The pair clearly struck up a rapport, as Fergie returned to drink tea and eat scones on the programme a few years later; in 2010, she gave Winfrey her first interview after being embroiled in a cash for access sting.

Prince Andrew talks to Emily Maitlis, 2019

Maitlis interviewed the Duke of York about his association with Jeffrey EpsteinBBC
Maitlis interviewed the Duke of York about his association with Jeffrey EpsteinBBC

Cast your minds back to November 2019, when real-life royal drama managed to firmly upstage the brand new series of The Crown that had only just landed on Netflix. Airing in a prime time slot on a Saturday night, Emily Maitlis’s grilling of Prince Andrew was excruciating, can’t-look-away viewing that set the gold standard for car crash interviews. The Duke of York maintained that he did not regret his friendship with convicted sex offender Jeffrey Epstein (their association was “actually very useful,” he said, while Epstein’s New York residence was “a convenient place to stay”), told Maitlis that he had never met accuser Virginia Roberts Giuffre as he was attending a children’s birthday party at Pizza Express in Woking on the night in question (the restaurant’s TripAdvisor page was later flooded with fake reviews) and claimed he was physically incapable of sweating after an incident involving “an overdose of adrenaline” during the Falklands War. Maitlis later said she channelled Line of Duty anti-corruption officer Kate Fleming while the tape was running. Prince Andrew has repeatedly denied the allegations made by Roberts Giuffre.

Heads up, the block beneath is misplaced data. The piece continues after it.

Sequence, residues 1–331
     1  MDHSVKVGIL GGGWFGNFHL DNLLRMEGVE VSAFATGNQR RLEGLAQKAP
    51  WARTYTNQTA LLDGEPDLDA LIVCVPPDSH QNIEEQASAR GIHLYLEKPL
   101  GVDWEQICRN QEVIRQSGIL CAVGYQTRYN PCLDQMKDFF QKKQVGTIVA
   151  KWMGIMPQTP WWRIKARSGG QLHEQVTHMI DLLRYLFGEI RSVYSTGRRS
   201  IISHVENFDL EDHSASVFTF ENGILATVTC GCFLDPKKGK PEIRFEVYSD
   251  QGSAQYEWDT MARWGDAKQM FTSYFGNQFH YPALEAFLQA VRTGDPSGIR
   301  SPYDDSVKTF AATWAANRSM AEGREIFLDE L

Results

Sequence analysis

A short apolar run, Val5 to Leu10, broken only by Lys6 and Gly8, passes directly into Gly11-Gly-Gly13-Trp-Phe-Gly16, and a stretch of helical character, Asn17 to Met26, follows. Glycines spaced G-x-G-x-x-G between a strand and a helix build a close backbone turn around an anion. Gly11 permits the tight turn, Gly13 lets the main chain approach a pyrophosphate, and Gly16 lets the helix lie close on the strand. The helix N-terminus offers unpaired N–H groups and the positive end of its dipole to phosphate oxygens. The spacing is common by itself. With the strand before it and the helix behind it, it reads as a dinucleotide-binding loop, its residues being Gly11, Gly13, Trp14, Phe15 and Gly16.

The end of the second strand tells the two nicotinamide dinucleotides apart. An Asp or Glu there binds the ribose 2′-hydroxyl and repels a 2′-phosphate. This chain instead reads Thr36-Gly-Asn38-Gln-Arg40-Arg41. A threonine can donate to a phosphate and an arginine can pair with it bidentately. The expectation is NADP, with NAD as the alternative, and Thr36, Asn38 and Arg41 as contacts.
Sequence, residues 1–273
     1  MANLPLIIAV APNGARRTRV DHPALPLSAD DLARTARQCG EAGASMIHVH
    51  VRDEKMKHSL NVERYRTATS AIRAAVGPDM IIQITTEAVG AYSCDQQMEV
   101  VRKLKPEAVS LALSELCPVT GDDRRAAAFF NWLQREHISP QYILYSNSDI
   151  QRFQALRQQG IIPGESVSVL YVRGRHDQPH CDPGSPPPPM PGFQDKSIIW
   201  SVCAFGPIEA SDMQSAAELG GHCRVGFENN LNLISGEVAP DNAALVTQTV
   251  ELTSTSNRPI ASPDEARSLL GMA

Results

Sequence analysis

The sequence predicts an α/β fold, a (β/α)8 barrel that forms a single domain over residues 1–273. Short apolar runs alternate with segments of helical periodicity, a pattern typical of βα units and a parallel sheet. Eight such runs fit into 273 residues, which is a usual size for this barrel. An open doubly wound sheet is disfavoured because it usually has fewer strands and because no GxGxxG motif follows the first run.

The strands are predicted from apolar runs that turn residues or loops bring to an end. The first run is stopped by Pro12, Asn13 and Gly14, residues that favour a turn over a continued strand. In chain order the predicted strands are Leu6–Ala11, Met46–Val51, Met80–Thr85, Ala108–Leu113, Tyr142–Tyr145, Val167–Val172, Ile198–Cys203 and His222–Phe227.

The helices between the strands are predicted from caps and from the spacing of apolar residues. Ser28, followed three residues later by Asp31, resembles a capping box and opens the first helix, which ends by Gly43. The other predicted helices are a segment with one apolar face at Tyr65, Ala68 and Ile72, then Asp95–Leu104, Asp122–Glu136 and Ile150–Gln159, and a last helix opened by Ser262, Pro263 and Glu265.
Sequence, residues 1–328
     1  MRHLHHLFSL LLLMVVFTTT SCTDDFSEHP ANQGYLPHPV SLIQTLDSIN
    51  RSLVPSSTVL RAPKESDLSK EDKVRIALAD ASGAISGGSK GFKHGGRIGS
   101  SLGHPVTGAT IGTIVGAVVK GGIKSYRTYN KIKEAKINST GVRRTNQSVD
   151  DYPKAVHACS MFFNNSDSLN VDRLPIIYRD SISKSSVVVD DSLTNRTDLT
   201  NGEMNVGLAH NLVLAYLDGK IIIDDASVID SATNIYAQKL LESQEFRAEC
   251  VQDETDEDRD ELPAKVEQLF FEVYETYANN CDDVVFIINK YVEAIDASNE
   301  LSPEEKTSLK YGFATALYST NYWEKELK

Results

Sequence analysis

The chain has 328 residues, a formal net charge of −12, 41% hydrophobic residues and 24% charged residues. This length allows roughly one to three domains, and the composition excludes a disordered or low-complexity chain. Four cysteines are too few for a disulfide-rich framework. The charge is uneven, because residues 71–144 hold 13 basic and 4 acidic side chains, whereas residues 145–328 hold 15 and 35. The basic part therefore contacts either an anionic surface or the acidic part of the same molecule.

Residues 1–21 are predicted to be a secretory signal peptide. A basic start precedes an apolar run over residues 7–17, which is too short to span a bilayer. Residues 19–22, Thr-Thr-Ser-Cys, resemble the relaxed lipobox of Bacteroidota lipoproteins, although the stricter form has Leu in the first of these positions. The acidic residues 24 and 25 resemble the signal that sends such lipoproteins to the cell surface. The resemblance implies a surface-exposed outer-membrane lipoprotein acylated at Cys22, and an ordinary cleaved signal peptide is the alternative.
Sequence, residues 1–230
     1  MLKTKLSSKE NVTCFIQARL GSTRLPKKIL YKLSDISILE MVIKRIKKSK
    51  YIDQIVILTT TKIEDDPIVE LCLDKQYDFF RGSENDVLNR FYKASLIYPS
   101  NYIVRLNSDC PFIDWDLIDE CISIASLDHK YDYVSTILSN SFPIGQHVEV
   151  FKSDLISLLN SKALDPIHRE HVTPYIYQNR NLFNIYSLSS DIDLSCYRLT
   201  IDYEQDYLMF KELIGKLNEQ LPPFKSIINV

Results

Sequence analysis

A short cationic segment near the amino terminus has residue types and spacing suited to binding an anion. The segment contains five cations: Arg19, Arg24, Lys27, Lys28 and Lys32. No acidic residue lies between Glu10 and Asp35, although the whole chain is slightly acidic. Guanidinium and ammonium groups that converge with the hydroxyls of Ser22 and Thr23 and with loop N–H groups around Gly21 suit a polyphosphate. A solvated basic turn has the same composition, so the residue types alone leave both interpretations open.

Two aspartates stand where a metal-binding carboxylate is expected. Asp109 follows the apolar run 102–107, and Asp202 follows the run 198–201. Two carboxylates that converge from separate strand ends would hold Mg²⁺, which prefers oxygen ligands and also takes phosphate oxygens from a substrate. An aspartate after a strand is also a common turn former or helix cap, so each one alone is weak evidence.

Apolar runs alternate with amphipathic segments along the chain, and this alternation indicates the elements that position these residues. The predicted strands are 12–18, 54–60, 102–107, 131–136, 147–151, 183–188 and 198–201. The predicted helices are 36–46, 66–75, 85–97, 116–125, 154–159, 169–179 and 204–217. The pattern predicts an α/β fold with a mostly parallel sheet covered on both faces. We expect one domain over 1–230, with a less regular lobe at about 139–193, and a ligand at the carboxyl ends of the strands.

Harry and Meghan on ITV, 2019

Months before ‘Megxit,’ this interview with ITV’s Tom Bradby was an early warning sign that all was not well with camp Sussex. In a special hour-long film subtitled An African Journey, Bradby followed the couple on a tour of Southern Africa, their first with their baby son Archie. In a quiet moment in between charity engagements, Bradby asked the Duchess how she had been coping with intense media scrutiny while grappling with new motherhood. “Not many people have asked if I’m OK, but it’s a very real thing to be going through behind the scenes,” she said, visibly emotional. Elsewhere in the film, Prince Harry alluded to rumoured tensions between him and his older brother William, noting that they will “always be brothers” but were “certainly on different paths at the moment.”